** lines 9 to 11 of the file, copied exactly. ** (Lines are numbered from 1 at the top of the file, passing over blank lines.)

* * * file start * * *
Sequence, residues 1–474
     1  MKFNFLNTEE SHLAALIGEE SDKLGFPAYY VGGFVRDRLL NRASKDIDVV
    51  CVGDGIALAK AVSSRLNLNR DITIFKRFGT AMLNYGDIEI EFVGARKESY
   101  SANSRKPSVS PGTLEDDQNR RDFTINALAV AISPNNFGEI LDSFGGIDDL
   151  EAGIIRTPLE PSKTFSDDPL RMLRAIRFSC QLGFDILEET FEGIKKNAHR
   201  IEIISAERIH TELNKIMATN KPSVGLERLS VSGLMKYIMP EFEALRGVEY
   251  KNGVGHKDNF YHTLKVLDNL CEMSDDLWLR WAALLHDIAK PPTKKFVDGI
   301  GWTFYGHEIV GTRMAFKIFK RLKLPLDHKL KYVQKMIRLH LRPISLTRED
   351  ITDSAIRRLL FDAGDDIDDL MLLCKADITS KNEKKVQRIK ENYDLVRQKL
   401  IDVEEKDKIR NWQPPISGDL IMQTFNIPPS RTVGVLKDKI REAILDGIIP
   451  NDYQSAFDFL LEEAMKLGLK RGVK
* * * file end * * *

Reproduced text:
   351  ITDSAIRRLL FDAGDDIDDL MLLCKADITS KNEKKVQRIK ENYDLVRQKL
   401  IDVEEKDKIR NWQPPISGDL IMQTFNIPPS RTVGVLKDKI REAILDGIIP
   451  NDYQSAFDFL LEEAMKLGLK RGVK